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Containing health myths in the age of viral misinformation

It has never been easier in human history to find and share information about health and medicine. But much of the information found on the Internet and shared on social media is inaccurate and potentially dangerous. As more people seek health content online, it will become increasingly important for medical researchers and practitioners to find effective ways of steering the public toward evidence-based content and away from myths and pseudoscience.

Viral misinformation has become a threat to public health. Unfounded fears about vaccines have resulted in the re-emergence of preventable diseases. Purveyors of naturopathy and homeopathy have huge audiences on social media, and often discourage their followers from seeking medical care for serious illnesses. Fad diets with unhealthy adverse effects, unproven wellness products hawked by celebrities, appeals to opinion and emotion over facts and reason — all of these proliferate online like bacteria on agar.

What can science and medicine do to contain the threat of health misinformation? Throwing more facts at the problem, unfortunately, is not the answer. People who study the growing disregard for evidence in society suggest this is more a matter of human psychology than scientific literacy. No matter how much contrary evidence they encounter, people tend to cling to long-held health myths. Many social media users avoid sources of information that challenge their views, sticking to communities in which their beliefs are confirmed.1

Nor is it constructive for medical experts to talk down to people whose beliefs fall outside the consensus within the scientific community. Well-known physicians and scientists with large numbers of followers on social media frequently dismiss views they deem unworthy of respect, with disparaging remarks and putdowns. As a result, people who already have misgivings about modern medicine become further alienated. Humility, compassion and friendly persuasion would perhaps make for a more productive approach to changing minds than combative superiority.

It is beyond the scope of medicine to fix the Internet, but tech-savvy medical experts can assist in the fight against misinformation. They can lend their expertise to technology companies and help develop better methods of weeding out low-quality health content and promoting medical knowledge based on scientific data. The medical community can also experiment with unconventional ways of disseminating accurate health information.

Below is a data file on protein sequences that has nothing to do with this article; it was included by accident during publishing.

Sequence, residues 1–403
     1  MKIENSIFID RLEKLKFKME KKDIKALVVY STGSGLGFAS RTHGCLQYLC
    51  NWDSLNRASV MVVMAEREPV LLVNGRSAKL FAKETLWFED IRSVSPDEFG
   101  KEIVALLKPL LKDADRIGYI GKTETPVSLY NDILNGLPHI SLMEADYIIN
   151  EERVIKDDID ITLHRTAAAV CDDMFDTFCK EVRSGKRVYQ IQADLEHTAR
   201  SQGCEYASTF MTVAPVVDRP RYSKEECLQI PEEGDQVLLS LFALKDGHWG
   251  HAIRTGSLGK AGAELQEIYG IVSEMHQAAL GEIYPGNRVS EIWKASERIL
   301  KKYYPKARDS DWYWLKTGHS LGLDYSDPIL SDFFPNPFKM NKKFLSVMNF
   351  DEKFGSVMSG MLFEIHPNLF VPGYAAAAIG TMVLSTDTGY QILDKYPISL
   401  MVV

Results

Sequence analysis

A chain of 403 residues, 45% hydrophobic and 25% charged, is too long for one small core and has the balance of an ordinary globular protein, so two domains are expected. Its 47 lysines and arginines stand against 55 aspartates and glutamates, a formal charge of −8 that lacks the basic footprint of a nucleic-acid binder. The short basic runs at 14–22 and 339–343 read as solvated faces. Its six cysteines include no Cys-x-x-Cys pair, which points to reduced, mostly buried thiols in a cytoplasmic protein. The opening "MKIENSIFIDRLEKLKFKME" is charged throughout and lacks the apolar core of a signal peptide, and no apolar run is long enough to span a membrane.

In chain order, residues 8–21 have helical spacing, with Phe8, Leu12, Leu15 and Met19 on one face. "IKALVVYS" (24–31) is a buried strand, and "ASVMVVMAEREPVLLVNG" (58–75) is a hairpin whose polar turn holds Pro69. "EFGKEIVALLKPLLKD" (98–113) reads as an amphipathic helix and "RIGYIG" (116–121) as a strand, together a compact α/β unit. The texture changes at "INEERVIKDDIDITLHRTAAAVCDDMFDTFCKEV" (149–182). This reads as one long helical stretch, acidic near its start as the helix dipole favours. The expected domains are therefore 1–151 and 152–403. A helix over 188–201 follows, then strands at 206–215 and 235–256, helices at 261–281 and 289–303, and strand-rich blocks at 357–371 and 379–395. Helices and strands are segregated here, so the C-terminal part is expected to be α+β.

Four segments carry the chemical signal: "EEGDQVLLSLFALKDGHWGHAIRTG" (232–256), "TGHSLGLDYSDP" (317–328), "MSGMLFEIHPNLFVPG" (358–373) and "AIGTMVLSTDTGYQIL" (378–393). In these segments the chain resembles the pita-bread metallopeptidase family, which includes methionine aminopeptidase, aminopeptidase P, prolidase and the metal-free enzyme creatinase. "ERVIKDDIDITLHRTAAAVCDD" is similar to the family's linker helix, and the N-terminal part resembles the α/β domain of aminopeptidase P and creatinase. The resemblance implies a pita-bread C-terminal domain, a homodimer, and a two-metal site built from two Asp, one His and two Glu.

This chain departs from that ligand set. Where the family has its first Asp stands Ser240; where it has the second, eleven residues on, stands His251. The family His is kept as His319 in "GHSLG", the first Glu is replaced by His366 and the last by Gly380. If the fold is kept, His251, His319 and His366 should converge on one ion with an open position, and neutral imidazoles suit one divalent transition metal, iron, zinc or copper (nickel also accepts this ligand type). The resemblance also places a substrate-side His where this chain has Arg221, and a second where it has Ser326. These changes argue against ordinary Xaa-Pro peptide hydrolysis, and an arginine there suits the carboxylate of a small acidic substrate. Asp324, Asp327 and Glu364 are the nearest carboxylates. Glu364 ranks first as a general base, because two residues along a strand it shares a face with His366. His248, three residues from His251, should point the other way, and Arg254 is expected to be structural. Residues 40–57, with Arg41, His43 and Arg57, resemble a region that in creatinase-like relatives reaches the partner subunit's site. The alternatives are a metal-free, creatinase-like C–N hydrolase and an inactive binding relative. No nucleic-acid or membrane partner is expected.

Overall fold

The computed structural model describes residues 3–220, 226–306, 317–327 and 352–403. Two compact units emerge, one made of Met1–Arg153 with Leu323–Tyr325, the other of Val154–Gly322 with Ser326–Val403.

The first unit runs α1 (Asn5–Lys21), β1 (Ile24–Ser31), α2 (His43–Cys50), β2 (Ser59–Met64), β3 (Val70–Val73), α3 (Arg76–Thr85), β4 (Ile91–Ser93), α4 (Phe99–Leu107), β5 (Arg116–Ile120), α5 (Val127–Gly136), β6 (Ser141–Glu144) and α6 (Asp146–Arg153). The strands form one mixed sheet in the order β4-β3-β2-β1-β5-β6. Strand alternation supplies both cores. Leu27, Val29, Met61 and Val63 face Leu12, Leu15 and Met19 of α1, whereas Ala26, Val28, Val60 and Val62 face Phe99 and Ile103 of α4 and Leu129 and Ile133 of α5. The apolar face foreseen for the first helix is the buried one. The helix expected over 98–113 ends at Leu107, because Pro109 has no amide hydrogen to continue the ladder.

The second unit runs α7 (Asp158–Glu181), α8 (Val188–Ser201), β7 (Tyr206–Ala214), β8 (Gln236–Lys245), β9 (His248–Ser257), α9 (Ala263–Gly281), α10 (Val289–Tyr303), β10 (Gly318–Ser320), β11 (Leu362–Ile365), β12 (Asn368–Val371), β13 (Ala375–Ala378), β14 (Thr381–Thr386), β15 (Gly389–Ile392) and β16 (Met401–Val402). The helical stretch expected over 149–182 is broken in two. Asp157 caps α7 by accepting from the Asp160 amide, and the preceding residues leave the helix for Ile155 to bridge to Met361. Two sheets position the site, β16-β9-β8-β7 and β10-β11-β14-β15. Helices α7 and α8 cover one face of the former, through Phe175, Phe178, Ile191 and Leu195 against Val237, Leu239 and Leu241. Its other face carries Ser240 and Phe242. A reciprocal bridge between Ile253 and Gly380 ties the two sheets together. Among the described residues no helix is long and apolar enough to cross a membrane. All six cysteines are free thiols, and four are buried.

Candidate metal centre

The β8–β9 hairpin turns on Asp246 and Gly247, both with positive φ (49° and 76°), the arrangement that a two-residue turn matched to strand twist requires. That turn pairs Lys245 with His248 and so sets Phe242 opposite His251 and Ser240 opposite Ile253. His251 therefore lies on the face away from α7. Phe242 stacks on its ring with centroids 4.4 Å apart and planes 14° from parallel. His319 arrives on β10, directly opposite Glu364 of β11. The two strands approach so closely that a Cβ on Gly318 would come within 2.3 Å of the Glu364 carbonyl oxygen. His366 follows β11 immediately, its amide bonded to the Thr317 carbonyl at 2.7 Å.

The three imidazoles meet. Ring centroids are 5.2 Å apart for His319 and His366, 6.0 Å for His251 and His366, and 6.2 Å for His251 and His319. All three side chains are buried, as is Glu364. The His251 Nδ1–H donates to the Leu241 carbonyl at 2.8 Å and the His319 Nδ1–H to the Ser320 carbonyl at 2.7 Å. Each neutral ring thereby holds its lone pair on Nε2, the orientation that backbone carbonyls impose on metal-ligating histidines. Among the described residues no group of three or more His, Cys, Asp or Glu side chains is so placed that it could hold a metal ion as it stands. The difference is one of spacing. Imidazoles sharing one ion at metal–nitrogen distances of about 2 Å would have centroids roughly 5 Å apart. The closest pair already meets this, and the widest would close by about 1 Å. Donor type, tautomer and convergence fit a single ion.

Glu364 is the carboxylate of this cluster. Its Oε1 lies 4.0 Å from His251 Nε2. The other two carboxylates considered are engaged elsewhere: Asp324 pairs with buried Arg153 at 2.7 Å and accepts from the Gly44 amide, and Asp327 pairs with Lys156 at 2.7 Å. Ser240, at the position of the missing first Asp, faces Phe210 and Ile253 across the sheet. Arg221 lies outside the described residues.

One new approach that has shown promise is contacting social media influencers and asking them to share useful medical content with their followers.2 This can be a more productive means of reaching a skeptical audience than having medical experts use traditional channels of communication, which usually go no further than likeminded peers. The goal of generating medical knowledge, after all, is to improve human health, not receive kudos from colleagues.

Likewise, public health organizations need to improve their social media presence to help Internet users find accurate health information. A study of digital pandemics of public health misinformation found that in online discussions about a sample scientific publication, half of social media users encountered negative and nonempirical content unrelated to the original paper.3 The authors refer to this problem as “social diffusion,” and concluded that public health organizations must employ new social media strategies to improve their communication of public health information.

At the clinical level, doctors attempting to change the minds of patients who cling to potentially harmful health myths and misconceptions will need patience. People are unlikely to abandon long-held beliefs overnight, especially if it means abandoning online communities that have become an important part of their lives. A meta-analysis of the factors underlying effective messages to counter attitudes based on misinformation found that these beliefs are persistent in the face of debunking.4 Success rates improve, however, if people are encouraged to scrutinize their information sources, and if the debunking message includes new information that provides additional context rather than merely labelling a patient’s belief as incorrect.

The Internet and social media aren’t going anywhere, and patients will continue to seek and share health information online. Misinformation will persist as well. Helping patients live healthier lives includes helping them find better health information.